Policy making processes will often include inquiries and current ones are listed on the UK Parliament website under “Find an Inquiry”. You may feel disappointed that current inquiries aren’t in synch with your own research interests and outputs but Graeme cautions that this virtually never happens. Instead, you need to view yourself in terms of your accumulated expertise and networks – you will have a valuable contribution to make even when it isn’t the exact contribution you hoped to make. A further cautionary note from Graeme is that you must never try to fit the questions being asked to the findings of your own research. Answer the questions and topic of the inquiry – the exam question – and be honest about any uncertainties associated with your knowledge. Policy makers are comfortable with ambiguity but look to arrive at a point of informed choice.
There’s clearly a craft in balancing these complex ideas whilst presenting something in a straightforward way. Graeme recommends that you learn this by finding a current inquiry or committee that matches your expertise and preparing an evidence submission. If you are unhappy with it you don’t have to submit, but you will have learnt something about the style and content expected. If this feels like too much of a first step there are many policy-related documents available to help understand how complex issues are presented to policy makers. These include the resources provided by the three UK Parliament research services:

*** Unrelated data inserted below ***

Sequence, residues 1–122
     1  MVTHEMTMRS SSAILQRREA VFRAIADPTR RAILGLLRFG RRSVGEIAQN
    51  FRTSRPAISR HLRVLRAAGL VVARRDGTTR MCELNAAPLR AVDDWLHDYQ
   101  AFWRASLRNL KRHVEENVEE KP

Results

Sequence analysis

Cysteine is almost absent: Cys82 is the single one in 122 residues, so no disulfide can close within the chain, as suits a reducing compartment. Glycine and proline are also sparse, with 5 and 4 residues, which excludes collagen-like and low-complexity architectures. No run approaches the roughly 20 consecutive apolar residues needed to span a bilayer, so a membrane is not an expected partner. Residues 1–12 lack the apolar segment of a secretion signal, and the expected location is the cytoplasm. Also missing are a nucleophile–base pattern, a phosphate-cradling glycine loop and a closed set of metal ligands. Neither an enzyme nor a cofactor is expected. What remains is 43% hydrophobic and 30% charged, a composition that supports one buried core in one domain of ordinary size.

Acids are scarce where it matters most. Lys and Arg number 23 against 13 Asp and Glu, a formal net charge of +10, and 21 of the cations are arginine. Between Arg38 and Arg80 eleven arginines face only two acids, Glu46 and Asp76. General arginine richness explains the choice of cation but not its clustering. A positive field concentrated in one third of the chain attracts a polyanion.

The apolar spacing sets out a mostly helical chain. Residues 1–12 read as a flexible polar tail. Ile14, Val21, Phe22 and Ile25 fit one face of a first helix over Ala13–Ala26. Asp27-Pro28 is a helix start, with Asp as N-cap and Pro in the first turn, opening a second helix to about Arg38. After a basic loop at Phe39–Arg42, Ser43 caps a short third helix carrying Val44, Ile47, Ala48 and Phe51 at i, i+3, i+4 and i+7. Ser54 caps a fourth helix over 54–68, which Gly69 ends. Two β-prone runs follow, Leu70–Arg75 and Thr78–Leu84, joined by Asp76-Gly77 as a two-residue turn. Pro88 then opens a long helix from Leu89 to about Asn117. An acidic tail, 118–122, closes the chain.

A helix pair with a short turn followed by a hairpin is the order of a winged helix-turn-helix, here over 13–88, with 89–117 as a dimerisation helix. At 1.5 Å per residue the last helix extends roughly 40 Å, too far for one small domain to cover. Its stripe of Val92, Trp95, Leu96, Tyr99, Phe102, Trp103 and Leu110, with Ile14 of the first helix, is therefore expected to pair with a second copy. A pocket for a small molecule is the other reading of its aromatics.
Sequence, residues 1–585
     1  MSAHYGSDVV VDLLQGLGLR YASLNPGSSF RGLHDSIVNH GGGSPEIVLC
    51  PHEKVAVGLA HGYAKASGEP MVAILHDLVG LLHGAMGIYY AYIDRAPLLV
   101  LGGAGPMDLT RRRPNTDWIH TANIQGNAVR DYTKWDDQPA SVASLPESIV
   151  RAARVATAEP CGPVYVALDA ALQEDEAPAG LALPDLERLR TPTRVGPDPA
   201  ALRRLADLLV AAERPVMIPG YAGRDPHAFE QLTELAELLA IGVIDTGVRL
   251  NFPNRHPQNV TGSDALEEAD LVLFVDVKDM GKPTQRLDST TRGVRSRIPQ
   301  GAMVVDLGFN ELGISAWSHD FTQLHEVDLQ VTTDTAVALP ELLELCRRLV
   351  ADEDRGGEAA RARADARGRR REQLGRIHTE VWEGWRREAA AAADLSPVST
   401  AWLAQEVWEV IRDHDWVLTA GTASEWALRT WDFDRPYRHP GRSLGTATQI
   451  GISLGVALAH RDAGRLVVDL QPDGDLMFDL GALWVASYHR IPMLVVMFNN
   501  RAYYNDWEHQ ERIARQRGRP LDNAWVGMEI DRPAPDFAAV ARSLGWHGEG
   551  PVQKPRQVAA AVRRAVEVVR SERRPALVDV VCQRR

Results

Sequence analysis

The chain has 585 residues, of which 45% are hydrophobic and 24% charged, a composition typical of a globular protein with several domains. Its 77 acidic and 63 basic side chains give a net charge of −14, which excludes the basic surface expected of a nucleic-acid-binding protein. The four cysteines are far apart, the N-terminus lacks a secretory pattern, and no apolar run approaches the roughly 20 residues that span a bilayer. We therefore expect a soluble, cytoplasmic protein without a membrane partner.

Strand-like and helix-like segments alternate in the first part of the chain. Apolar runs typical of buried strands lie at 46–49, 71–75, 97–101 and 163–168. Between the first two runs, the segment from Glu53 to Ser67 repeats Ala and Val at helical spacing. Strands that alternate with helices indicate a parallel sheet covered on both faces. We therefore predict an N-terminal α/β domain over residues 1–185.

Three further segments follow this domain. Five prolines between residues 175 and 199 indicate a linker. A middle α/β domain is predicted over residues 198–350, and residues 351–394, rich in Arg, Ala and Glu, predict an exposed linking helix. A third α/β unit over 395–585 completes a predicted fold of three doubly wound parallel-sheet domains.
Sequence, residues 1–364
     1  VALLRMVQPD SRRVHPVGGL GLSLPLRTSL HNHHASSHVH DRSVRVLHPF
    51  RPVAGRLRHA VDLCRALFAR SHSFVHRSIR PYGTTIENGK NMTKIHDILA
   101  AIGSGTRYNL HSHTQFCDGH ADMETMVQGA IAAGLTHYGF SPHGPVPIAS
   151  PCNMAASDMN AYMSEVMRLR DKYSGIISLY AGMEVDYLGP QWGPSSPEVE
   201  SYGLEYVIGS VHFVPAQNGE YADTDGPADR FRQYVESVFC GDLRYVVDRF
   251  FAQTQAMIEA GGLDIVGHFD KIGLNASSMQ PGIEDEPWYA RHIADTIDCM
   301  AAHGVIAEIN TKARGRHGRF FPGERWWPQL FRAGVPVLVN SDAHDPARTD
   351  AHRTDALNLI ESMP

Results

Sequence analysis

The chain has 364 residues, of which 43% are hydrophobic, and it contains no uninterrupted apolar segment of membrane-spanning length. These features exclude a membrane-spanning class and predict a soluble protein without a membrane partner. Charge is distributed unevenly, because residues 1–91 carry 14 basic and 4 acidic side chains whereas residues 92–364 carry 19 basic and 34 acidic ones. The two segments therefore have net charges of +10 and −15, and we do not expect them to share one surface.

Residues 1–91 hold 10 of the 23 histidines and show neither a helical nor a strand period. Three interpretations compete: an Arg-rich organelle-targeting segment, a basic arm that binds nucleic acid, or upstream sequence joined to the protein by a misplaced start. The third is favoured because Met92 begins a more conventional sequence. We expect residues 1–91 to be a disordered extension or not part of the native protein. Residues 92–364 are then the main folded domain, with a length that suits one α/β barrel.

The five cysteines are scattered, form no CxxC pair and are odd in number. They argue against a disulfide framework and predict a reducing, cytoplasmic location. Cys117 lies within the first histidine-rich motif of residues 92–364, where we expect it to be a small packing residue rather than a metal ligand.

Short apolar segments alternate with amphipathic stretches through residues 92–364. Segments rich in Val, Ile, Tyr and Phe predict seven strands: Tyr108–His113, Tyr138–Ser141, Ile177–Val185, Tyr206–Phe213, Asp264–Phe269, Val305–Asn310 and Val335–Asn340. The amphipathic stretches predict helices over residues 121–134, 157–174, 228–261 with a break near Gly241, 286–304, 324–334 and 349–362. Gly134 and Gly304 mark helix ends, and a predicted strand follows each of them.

POST – The Parliamentary Office of Science and Technology who publish POSTnotes, four page briefings reviewing emerging areas of research, and POSTbriefs, dynamic and strategic evidence syntheses that are produced rapidly in response to major developments in current affairs or select committee inquiries. POST are continually seeking contributions on expertise or literature, so take a look at their current work programme to see if you can get involved.